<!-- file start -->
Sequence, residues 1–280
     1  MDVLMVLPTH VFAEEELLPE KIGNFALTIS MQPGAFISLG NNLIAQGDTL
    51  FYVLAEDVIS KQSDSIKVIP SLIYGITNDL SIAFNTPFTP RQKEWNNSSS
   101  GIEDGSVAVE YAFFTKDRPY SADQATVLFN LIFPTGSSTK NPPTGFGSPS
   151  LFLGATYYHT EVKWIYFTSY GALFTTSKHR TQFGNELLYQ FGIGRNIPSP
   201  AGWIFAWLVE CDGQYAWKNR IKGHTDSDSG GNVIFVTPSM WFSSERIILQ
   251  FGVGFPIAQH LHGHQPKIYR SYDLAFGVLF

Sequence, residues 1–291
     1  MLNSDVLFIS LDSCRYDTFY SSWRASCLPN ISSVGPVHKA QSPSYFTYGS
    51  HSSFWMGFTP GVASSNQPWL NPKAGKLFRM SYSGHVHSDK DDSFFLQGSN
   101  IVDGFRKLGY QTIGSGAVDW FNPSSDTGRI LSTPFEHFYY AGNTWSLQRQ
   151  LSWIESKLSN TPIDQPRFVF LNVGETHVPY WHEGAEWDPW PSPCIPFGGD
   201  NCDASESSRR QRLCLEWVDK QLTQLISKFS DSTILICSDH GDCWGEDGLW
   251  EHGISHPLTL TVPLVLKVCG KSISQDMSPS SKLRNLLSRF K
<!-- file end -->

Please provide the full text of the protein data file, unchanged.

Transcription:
Sequence, residues 1–280
     1  MDVLMVLPTH VFAEEELLPE KIGNFALTIS MQPGAFISLG NNLIAQGDTL
    51  FYVLAEDVIS KQSDSIKVIP SLIYGITNDL SIAFNTPFTP RQKEWNNSSS
   101  GIEDGSVAVE YAFFTKDRPY SADQATVLFN LIFPTGSSTK NPPTGFGSPS
   151  LFLGATYYHT EVKWIYFTSY GALFTTSKHR TQFGNELLYQ FGIGRNIPSP
   201  AGWIFAWLVE CDGQYAWKNR IKGHTDSDSG GNVIFVTPSM WFSSERIILQ
   251  FGVGFPIAQH LHGHQPKIYR SYDLAFGVLF

Sequence, residues 1–291
     1  MLNSDVLFIS LDSCRYDTFY SSWRASCLPN ISSVGPVHKA QSPSYFTYGS
    51  HSSFWMGFTP GVASSNQPWL NPKAGKLFRM SYSGHVHSDK DDSFFLQGSN
   101  IVDGFRKLGY QTIGSGAVDW FNPSSDTGRI LSTPFEHFYY AGNTWSLQRQ
   151  LSWIESKLSN TPIDQPRFVF LNVGETHVPY WHEGAEWDPW PSPCIPFGGD
   201  NCDASESSRR QRLCLEWVDK QLTQLISKFS DSTILICSDH GDCWGEDGLW
   251  EHGISHPLTL TVPLVLKVCG KSISQDMSPS SKLRNLLSRF K